In the early days, there were no regulations for flying the flag at half-staff. As a result, states followed many conflicting policies. This confusion caused the late President Dwight Eisenhower to proclaim the best time to fly the flag at half-mast.
What is flying a flag at half-mast?
Flying a flag at half-mast means it remains below the normal peak, usually at one-half of the distance between the top and the bottom of the staff. It’s a symbol of respect, distress, mourning, and in some cases, a salute.
The flag is first hoisted to the peak for an instant, lowered to the half-staff position, then raised to the peak before it’s lowered at the end of the day. In the United States, the President issues an executive order to fly the flag at half-mast during special occasions like the death of principal figures in the government.
Once the President issues the order, all offices, government buildings, military bases, and public schools must fly flags as such. Governors must also authorize state flags in their jurisdictions to fly them at half-mast. The governor’s order is restricted to their state, not the entire country. Here are the occasions when the U.S. President requires states to fly flags at half-mast:
- After the death of a president or former president
The United States flag must be flown at half-staff for 30 days upon the death of the President or a former President. Military facilities, embassies, naval vessels, legations, and other facilities must follow the directive.
- Death of principal figures
The President also requires the flag to be flown at half-staff upon the death of principal figures like:
- The Vice President
- The Speaker of the House of Representatives
- The Governor
- The Chief Justice, or Retired Chief Justice until interment
The flag is flown at half-mast for ten days from the day of their death, not 30 days as in honor of the President’s death. Other government officials like the Secretary of an executive or a military department, Governor of a State, and Associate Justice of the Supreme Court are also honored this way. The difference is that the flag is flown at half-staff on the day of their death until interment.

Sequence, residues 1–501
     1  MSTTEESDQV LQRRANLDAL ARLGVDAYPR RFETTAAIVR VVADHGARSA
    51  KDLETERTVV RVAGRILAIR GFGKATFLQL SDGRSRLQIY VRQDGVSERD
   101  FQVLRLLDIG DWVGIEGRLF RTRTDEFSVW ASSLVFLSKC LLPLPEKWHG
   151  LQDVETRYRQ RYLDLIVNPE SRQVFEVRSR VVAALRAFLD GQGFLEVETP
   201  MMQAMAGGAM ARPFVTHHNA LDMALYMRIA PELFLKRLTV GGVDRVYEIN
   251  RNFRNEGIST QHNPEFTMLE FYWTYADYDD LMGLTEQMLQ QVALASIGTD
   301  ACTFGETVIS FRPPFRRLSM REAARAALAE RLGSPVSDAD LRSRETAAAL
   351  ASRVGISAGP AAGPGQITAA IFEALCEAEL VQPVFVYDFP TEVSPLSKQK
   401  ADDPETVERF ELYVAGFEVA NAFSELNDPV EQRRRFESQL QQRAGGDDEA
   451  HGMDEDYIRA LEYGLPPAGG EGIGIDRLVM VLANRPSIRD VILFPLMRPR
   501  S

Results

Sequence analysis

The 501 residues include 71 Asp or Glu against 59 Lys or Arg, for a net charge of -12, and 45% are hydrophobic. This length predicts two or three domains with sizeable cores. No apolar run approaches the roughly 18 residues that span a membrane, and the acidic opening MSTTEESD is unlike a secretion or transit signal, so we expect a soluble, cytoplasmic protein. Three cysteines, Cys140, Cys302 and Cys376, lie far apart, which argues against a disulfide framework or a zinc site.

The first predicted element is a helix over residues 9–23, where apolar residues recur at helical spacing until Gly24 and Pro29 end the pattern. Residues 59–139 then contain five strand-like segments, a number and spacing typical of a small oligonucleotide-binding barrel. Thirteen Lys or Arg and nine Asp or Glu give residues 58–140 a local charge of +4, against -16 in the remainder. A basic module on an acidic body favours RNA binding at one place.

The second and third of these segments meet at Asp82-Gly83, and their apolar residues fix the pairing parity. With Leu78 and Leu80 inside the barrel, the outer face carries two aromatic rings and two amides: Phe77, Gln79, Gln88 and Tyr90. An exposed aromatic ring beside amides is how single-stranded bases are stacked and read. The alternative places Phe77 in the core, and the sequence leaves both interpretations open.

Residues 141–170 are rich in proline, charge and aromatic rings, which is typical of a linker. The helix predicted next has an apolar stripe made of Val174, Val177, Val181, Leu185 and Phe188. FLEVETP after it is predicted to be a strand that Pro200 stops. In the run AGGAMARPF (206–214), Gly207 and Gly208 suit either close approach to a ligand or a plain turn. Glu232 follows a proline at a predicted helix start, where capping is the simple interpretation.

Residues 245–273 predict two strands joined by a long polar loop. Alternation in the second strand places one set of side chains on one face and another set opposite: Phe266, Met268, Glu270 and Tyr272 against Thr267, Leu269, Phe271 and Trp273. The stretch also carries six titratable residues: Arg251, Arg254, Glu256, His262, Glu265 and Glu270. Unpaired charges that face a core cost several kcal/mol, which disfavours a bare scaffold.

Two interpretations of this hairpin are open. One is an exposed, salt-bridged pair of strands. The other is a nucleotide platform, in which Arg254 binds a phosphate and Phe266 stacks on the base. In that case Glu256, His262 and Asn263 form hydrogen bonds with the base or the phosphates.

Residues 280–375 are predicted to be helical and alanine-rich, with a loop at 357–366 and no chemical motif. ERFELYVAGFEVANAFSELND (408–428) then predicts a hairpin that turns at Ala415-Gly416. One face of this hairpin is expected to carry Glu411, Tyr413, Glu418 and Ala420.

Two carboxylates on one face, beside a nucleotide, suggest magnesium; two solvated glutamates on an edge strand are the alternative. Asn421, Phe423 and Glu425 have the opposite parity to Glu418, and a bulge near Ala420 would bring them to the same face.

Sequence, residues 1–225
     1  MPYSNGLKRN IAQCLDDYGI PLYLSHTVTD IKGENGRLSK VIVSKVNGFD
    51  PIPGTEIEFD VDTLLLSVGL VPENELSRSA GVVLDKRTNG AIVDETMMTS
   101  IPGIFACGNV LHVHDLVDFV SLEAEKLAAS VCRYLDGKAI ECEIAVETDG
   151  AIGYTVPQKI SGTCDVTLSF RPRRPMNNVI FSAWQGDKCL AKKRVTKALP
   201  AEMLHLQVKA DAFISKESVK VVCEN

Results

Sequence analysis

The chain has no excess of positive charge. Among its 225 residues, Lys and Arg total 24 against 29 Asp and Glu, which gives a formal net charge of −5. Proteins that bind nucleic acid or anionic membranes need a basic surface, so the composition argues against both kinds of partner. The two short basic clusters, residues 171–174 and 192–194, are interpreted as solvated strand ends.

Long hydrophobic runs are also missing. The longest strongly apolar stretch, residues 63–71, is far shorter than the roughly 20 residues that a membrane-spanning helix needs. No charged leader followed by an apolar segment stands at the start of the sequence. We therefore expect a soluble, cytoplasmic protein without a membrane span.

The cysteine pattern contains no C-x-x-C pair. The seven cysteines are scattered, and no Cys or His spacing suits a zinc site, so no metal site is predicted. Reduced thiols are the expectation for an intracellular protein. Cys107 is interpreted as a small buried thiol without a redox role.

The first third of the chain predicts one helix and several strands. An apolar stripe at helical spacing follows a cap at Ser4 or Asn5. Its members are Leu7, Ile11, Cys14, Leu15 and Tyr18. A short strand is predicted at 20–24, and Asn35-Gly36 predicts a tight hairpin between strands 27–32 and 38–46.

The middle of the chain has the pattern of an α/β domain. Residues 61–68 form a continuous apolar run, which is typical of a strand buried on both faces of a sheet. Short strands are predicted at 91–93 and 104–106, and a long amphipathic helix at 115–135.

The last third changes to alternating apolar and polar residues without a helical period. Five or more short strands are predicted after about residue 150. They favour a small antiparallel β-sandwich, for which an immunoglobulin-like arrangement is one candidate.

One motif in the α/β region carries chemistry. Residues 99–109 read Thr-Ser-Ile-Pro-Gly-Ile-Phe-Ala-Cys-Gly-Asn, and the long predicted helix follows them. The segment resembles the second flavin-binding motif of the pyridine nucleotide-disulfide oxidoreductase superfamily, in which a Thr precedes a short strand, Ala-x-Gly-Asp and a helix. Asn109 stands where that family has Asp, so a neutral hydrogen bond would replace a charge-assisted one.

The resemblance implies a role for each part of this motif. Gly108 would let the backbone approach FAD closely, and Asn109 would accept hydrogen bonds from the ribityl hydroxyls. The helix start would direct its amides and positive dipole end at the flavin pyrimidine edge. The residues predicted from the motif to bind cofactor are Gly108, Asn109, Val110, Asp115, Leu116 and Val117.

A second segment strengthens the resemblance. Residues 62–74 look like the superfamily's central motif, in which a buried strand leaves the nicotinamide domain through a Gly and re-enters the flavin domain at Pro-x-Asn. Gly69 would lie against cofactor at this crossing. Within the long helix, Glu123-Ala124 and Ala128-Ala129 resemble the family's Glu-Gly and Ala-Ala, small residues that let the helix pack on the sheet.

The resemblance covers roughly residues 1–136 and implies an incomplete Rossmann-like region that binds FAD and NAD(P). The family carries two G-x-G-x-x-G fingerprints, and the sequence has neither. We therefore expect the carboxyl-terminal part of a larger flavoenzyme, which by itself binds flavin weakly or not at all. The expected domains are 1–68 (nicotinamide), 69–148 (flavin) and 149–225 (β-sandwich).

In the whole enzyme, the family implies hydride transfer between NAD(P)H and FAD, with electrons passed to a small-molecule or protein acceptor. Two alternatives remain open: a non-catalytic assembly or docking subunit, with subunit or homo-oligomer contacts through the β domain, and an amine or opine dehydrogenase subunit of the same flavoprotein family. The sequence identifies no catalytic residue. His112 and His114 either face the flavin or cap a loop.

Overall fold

- Other appropriate figures
Other officials honored in a similar way include:
- A Member of Congress
- A Territorial Delegate
- The U.S. Senator
- The Resident Commissioner from the Commonwealth of Puerto Rico
For these officials, the flag is raised at half-mast for two days only:
- On the day of their death
- The following day
- Crucial days when flags are raised at half-mast
Flags are also raised half-staff on Memorial Day to honor soldiers who have lost their lives when serving the country. Memorial Day was declared after the Civil War to commemorate the fallen Union soldiers. After some time, the celebration included those who served in all wars and all the military branches.
Traditionally, Memorial Day was celebrated on 30th May, but in 1968, it was changed to the last Monday of May. During the ceremony the flag is raised briskly to the peak and remains in this position for a short while before it’s lowered half-position until noon.
It’s then hoisted to the peak again until sunset when it’s lowered to salute the living veterans. The premise for leaving it flying at half-mast until noon is to commemorate the nation’s dead soldiers. Observing proper etiquette is important during this celebration. When the flag is raised:
- Non-military spectators must face the flag, stand at attention, and place their hands over the chest’s left part.
- Military officers in uniform must give a salute
- Non-citizens must stand at attention
- Spectators wearing hats must remove them using their right hands and hold them at their left shoulder with the palm resting on their heart
Now you know when flags are raised at half-mast. Keep in mind, unless it’s a special occasion (e.g., Memorial Day), the President must issue a directive to raise the flags as such.